The biggest Canadian telecom acquisition in decades is finally going ahead after the federal government gave its blessing to Rogers Communications Inc.’s RCI-B-T takeover of Shaw Communications Inc. SJR-B-T, as well as a side deal that will see Shaw’s discount Freedom Mobile unit sold to Quebecor Inc. QBR-B-T.
Now Canadians will see whether the companies keep all the promises they made to get here, including pledges around improved services and cheaper prices.
If Rogers and Quebecor don’t meet the conditions of the deal, they both face penalties – up to a maximum of $200-million for Quebecor, and up to $1-billion for Rogers.
What does the approved acquisition mean for existing Shaw customers?
It depends where consumers live and what Shaw services they use.
The most obvious change for Shaw cable customers is that their bills will start coming from Rogers.
For Freedom Mobile’s existing 1.7 million customers who move to Quebecor’s Videotron unit, they’ll see their data allotments increase by 10 per cent.
The 450,000 existing customers of Shaw Mobile, a separate brand from Freedom that operates in Alberta and B.C., will be transferred to Rogers, who have promised to offer services at Shaw’s current prices for the next five years.
Will wireless bills go up or down?
Consumer advocates have long complained that Canadians pay disproportionately high cell phone bills, however it’s also true that they’ve been coming down. Statistics Canada’s cellular price index shows average bills have declined 35 per cent since 2017.
In its December ruling, the competition tribunal said the deal could actually boost competition in Western Canada, arguing Videotron’s takeover of Freedom “will likely ensure that competition and innovation remain robust” in Alberta and B.C., and that Rogers’ own position in those two provinces will be strengthened by owning Shaw’s assets, making Rogers a stronger rival to Telus and Bell.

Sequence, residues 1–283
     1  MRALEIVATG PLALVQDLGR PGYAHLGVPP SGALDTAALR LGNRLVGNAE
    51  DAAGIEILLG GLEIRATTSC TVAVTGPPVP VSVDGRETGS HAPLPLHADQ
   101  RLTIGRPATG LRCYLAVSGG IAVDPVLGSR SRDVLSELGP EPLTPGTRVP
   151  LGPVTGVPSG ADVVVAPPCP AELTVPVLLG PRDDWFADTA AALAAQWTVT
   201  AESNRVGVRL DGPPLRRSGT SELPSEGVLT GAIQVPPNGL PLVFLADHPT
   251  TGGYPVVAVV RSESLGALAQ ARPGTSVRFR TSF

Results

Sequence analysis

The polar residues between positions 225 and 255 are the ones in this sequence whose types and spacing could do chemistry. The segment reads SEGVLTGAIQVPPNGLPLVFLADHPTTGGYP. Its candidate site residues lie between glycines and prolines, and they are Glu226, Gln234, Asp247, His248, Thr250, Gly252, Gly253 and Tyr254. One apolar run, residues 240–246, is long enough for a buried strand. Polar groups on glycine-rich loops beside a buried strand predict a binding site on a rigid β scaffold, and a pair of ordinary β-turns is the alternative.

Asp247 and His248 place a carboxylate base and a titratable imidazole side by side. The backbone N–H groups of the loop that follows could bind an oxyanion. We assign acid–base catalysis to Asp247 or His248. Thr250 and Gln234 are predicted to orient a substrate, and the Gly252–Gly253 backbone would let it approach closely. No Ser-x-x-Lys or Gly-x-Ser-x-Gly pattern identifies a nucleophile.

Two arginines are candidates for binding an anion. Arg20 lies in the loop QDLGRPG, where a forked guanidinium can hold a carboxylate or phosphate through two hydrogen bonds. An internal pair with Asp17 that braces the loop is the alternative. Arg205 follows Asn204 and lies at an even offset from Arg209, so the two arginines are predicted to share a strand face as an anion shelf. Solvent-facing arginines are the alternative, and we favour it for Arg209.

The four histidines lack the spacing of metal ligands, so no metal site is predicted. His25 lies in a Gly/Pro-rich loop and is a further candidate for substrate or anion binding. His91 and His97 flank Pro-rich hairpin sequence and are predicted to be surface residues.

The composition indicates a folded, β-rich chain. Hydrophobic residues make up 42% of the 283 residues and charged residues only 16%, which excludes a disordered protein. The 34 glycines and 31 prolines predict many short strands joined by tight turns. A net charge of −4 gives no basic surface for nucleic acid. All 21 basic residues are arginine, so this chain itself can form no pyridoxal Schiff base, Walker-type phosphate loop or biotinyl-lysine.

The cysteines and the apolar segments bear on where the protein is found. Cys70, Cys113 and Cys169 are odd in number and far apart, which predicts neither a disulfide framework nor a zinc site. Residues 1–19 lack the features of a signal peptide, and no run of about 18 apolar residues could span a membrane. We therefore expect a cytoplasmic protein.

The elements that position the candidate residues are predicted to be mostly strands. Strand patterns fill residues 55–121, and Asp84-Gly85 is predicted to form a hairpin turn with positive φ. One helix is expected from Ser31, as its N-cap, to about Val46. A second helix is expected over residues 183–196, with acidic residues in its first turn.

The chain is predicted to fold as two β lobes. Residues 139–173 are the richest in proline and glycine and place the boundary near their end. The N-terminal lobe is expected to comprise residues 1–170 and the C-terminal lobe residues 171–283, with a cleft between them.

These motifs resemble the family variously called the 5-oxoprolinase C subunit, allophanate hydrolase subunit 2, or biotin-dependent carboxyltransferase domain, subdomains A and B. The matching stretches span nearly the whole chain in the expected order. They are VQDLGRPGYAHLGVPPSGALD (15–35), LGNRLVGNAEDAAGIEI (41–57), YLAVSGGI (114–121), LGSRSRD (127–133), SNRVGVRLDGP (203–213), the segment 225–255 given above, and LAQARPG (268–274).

Aside from the price guarantee afforded to Shaw Mobile customers, Videotron has pledged that, for the next 10 years, it will offer wireless plans that are 20 per cent lower in cost than what its big three rivals charge.
For low-income Canadians, Rogers has also promised to expand its Connected for Success program, which delivers cable high-speed internet and bundled services at a discount price, to households in Western Canada who receive certain government income supports. The company has additionally said it will roll out a new version of the program for wireless customers, making it available to 2.5 million eligible low-income Canadians.
Ultimately, the deal helps cement Freedom’s future as a national wireless competitor, which was not certain to be the case if Shaw continued to own it, say industry watchers.
“It was not in anybody’s interest to have Freedom out there as a cheap, low-value alternative that’s degrading and falling behind,” said Mark Goldberg, a telecom consultant. “Quebecor is going to ensure Canada has a viable fourth option in Ontario, B.C. and Alberta.”
What do rural Canadians get out of this deal?
To get the deal done Rogers has pledged, among other things, to invest $1-billion to improve connectivity for rural, remote and Indigenous communities, and remote highways in Western Canada. Specifically, they’ve promised internet access at speeds of at least 50/10 megabits per second.
The company also promises to invest $2.5-billion to expand and improve 5G network access to consumers and businesses in Western Canada.
Mr. Goldberg said residents of Manitoba and Saskatchewan, in particular, are likely to benefit from the deal. That’s because Shaw offers cable services there but no wireless, while Rogers sells wireless but has no cable or internet footprint.
“Now you’re going to have Rogers as a much more powerful competitor offering a really viable bundled alternative in those provinces,” he said. He noted that SaskTel last week announced its largest-ever capital expenditure plans, while Bell and Telus have accelerated their fibre-to-home construction in the provinces in anticipation of the increased competition.
What will the deal mean for jobs?
Rogers said it will create 3,000 new jobs in Western Canada and keep a headquarters in Calgary for 10 years after the deal closes.
That said, takeovers typically come with “efficiencies,” which is corporate speak for job cuts. Rogers and Shaw have never said how much money the deal is expected to save in reduced costs, or how many jobs will be lost as a result. A promise to create 3,000 jobs in one part of the country doesn’t mean 3,000 won’t be trimmed elsewhere.